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IX. Heart of the Storm (Faramir)
A terrible keening sounded high above him and then shrilled louder and louder, descending. He dared not look up, besieged as they were by fire-bearing Haradrim, Orcs and others of the Enemy’s forces, but he knew the cry of the Nazgûl. Men he had known all his life screamed and died all around him while he struggled to hold the center. His own heart beat madly, nearly loud enough to drown out the screams. The Black Captain’s shriek filled the sky as Faramir strove to raise his sword in a last defiance.
And Faramir awoke, his heart pounding with the force of the memory. He could hear the howl of the autumn wind, fiercely striking the heavy glass windows. It took a few moments to understand that ten years had passed since the retreat. He now lay in his own bed in the Steward’s Residence in the Citadel, far from the Pelennor. The War was done; the Enemy defeated.
A fair head rose from the tangle of coverlets. Éowyn gave him a quick look, then placed a warm hand on his racing heart. “The retreat again?” She asked briskly, before stepping from their bed to rekindle the lamp. She too had endured such nightmares.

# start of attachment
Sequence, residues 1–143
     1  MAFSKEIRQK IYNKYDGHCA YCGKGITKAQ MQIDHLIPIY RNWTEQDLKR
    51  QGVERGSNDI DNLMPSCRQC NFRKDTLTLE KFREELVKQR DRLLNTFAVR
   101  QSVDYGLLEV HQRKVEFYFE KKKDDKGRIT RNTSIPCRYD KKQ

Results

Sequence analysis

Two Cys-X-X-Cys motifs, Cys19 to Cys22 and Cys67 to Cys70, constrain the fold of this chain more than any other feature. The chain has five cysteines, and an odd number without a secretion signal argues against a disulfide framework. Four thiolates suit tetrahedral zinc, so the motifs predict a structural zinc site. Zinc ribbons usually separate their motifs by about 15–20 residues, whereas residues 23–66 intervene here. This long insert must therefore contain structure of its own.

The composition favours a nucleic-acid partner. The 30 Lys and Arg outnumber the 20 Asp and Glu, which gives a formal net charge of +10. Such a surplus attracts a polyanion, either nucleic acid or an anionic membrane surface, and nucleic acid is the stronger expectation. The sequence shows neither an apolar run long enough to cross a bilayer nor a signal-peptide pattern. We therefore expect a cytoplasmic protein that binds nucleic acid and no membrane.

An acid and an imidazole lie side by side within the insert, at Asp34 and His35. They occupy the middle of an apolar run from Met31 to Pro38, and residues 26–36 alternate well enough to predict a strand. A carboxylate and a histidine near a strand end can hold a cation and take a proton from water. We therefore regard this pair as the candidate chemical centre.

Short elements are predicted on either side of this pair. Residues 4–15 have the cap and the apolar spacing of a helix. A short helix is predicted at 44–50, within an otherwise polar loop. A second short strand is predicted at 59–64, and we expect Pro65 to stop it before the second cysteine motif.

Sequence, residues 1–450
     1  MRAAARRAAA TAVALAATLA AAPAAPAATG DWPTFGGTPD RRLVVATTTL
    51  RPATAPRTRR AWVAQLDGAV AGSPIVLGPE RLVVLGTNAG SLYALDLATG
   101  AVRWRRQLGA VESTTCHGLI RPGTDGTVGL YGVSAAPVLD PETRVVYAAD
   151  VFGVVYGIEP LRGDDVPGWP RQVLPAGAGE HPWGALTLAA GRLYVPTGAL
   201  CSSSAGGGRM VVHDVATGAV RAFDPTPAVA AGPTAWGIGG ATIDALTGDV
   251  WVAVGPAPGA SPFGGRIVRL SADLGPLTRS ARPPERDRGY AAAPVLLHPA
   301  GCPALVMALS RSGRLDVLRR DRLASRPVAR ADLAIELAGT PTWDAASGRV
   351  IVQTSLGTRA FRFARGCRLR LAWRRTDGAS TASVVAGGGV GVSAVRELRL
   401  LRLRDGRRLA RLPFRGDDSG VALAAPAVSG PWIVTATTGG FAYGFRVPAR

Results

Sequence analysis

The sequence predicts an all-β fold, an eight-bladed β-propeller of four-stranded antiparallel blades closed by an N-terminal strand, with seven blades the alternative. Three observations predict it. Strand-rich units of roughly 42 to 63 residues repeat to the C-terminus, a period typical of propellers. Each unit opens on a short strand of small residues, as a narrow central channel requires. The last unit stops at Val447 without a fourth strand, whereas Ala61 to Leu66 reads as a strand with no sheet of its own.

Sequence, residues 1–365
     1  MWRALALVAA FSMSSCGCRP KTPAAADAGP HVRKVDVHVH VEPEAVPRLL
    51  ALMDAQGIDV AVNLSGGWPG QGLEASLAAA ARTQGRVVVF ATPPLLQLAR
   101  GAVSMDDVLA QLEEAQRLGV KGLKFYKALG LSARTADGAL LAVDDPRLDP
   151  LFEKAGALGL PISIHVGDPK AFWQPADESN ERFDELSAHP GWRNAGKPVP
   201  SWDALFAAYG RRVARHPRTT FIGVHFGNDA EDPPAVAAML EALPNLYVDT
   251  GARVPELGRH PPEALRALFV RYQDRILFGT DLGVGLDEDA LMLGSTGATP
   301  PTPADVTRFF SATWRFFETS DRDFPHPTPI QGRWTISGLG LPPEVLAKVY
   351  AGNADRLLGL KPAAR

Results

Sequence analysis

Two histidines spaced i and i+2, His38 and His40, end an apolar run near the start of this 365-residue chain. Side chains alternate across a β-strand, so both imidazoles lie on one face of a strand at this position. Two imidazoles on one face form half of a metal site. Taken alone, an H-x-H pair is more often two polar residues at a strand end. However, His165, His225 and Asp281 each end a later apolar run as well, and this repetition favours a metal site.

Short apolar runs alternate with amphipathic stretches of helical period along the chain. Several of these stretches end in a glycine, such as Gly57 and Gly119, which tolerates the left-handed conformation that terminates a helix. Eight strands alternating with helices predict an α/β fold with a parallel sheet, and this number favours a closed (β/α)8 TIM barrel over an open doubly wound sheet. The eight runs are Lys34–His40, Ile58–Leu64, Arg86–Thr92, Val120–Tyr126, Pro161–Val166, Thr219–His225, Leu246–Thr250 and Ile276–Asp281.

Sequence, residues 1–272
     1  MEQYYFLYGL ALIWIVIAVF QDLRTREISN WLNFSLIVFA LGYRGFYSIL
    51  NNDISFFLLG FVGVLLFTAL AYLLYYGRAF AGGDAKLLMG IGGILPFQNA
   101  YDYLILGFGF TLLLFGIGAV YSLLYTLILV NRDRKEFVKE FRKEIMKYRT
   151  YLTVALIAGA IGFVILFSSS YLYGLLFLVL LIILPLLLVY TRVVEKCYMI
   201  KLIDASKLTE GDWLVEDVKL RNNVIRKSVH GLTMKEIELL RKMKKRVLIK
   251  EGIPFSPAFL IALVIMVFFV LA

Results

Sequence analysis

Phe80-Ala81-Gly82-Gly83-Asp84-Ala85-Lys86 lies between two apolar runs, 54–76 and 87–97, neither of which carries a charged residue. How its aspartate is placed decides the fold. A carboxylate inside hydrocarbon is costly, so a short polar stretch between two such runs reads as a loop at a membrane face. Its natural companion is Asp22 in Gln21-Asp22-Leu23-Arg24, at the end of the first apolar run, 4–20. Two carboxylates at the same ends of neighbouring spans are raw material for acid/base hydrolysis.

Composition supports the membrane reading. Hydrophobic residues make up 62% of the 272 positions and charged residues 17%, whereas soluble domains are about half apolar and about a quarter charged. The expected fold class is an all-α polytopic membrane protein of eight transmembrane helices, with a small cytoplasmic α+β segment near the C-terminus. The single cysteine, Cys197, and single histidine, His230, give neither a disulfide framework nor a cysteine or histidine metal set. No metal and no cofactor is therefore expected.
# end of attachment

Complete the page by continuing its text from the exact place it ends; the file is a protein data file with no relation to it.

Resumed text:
“Aye,” Faramir whispered. He pulled on a bed-robe, cursing as his arm caught briefly in one of the sleeves. He walked swiftly from the bedchamber, out in the hall past the surprised guards, and down to first his son’s room, then the chamber his little daughter shared with her nursemaid. Elboron and Míriel both slept soundly, undisturbed by the crying wind or indeed any evil at all. Faramir breathed easy once more. Returning to his bed, he took Eowyn into his arms, kissing her brow in gratitude and love. A last look out the window showed no black wings crossing the full moon. The City was safe.
You did not prevail, thing of Darkness, Faramir silently bespoke the lord of the Nazgûl. I defied you; and she killed you. The White City still stands, fairer and stronger than before! And our children live unafraid. The men you slew did not die for nothing.
He sank down into the pillows, thinking that he would reply to Pippin’s letter on the morrow. And then he would look in on the widows and orphans of the men lost under his command. Even the Steward of Gondor could not raise again the brave soldiers slain in the darkness. Sleep in peace, he bid them, his heart quiet but saddened.
Faramir held his wife close and drifted into slumber. Outside, beyond window and wall, the unforgiving wind wailed. In the bedchamber, the lamp shed a gentle glow, as its light chased shadows across the sleepers’ faces.
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